Helping Factories Get Back to Work

May 20, 2020 | 2 min read

Greg Eden, CMO, Bright Machines

Last week, the Wall Street Journal reported some factories will “close for good” due to challenges brought on by the Coronavirus. Manufacturers yet to invest in factory automation “will struggle to keep operating them (factories) profitably” and can’t afford to modernize because, “since the pandemic took hold, capital investment has cratered.”

Factory automation is compelling at any time. It mitigates risk, reduces waste, increases performance, delivers cost savings, and improves product quality. Automation also has the advantage of being able to quickly right-size production capacity anywhere in the world with the flexibility to react to market shifts, tariff spats and, yes, even pandemics.

Cash flow is a top concern for manufacturers in the wake of COVID-19. So, though they appreciate the need to automate and make their production lines more resilient, today, many don’t have the resources to do it.

At Bright Machines we believe it’s important do our part to keep factories open and help them enter the post-COVID-19 world stronger than before. Today we announced the Factory Resiliency Fund. We’ve committed up to $50M to help manufacturers put our automated microfactories to work and not be constrained by their access to capital. The fund will finance new automation projects, allowing customers to modernize factory assembly lines this year but defer payment until next year.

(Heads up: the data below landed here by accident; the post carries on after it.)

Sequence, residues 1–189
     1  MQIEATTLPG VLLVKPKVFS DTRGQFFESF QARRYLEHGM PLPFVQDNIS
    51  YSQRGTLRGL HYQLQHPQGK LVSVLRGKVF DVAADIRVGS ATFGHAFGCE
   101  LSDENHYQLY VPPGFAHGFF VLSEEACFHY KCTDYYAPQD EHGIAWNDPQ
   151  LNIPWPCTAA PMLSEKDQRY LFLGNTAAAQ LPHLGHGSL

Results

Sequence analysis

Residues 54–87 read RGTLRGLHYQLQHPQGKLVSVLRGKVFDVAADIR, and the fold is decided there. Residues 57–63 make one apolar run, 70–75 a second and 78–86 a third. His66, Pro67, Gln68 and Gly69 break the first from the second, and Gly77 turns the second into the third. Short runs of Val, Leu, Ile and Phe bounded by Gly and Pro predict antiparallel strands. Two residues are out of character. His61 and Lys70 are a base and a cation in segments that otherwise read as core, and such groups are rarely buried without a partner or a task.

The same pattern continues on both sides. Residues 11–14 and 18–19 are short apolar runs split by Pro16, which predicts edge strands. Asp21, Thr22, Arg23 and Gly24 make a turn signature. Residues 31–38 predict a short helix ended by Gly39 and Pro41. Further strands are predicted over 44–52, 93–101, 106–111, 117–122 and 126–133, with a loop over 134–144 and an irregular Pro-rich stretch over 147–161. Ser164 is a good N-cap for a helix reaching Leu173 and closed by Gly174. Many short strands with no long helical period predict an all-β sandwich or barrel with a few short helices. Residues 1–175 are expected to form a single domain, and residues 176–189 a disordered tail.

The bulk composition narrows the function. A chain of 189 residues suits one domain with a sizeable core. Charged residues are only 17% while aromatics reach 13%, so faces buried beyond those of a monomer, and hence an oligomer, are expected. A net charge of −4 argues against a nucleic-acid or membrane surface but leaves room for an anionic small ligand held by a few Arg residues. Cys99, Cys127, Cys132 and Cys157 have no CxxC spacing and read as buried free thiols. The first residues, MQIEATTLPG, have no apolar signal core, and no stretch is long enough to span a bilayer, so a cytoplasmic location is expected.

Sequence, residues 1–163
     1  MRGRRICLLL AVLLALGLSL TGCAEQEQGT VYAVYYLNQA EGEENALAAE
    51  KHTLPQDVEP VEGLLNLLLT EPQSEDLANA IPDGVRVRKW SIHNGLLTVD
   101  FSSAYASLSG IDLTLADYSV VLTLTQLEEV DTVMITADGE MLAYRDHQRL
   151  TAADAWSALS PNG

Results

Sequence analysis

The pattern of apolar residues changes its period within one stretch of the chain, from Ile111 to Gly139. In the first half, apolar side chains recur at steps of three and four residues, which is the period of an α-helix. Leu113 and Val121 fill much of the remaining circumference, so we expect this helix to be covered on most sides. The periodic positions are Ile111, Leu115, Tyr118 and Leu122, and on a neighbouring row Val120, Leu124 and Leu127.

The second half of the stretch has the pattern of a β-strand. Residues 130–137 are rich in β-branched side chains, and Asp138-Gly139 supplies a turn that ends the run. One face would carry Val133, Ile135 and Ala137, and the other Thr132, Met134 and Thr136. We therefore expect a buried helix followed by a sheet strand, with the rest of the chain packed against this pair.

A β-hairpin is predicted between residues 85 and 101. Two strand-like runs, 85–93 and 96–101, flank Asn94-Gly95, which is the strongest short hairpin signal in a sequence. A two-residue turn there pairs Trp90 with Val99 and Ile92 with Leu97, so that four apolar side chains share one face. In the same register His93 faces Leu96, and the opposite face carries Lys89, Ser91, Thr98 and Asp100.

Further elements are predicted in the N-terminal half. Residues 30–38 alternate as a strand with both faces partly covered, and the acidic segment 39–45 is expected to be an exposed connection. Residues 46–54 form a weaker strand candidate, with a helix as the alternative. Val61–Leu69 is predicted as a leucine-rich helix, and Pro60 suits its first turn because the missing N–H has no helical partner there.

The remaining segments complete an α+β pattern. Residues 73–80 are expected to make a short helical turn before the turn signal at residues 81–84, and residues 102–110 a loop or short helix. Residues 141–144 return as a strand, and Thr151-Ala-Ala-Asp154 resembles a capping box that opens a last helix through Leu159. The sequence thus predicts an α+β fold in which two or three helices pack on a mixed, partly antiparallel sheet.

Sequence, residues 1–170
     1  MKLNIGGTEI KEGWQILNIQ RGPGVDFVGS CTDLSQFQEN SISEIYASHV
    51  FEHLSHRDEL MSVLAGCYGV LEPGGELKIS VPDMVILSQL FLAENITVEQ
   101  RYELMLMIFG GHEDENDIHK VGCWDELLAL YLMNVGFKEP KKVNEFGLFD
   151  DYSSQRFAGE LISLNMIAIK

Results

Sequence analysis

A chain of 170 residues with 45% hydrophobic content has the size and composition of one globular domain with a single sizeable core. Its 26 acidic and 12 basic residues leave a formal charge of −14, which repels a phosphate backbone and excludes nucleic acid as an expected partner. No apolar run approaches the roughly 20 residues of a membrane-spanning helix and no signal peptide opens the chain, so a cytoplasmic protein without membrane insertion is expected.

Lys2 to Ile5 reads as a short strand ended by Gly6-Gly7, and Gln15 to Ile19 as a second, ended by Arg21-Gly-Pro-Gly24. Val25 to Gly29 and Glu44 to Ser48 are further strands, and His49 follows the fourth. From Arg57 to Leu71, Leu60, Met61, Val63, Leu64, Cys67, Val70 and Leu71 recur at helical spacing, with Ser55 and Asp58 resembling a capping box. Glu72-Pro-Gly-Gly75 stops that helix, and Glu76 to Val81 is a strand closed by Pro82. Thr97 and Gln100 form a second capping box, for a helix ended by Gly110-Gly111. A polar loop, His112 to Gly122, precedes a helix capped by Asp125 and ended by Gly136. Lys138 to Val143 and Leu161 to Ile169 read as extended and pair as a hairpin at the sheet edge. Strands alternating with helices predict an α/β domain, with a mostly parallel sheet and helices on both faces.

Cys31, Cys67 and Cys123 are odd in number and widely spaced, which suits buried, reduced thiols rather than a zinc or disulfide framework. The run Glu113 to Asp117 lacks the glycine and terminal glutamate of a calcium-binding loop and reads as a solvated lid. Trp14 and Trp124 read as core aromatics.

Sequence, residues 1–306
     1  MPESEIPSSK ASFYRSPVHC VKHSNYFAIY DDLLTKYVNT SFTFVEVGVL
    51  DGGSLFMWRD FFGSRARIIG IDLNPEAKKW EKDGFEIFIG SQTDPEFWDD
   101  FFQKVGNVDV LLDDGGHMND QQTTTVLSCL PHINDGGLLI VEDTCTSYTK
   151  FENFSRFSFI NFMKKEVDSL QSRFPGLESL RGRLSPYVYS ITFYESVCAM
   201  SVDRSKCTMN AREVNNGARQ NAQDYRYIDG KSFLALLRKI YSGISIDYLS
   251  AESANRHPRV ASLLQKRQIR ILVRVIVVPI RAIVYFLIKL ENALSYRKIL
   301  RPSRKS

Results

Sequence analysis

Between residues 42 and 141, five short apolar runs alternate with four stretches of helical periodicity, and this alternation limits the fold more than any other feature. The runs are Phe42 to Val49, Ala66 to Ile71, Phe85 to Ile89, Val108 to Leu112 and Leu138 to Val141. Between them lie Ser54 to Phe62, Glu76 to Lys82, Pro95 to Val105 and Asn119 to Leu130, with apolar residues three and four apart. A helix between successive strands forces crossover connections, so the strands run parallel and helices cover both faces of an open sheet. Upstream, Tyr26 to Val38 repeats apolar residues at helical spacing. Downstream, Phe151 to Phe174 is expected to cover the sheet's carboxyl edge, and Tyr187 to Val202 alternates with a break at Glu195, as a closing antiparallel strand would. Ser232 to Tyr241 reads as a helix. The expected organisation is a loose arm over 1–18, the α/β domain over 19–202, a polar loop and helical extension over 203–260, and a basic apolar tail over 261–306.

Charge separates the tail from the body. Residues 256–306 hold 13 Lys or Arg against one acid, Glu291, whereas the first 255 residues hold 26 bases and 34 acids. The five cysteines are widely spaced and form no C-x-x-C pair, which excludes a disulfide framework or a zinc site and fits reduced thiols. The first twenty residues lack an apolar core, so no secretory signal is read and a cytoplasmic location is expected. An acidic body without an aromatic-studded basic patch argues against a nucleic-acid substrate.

The coronavirus has had an impact on our industry that none of us could have foreseen. It’s evident that where we can, we must all help be a part of the solution. Our Factory Resiliency Fund is aimed at helping companies modernize and scale up automation quickly.

To learn more about our capabilities in building the backbone of AI, visit Bright Machines.

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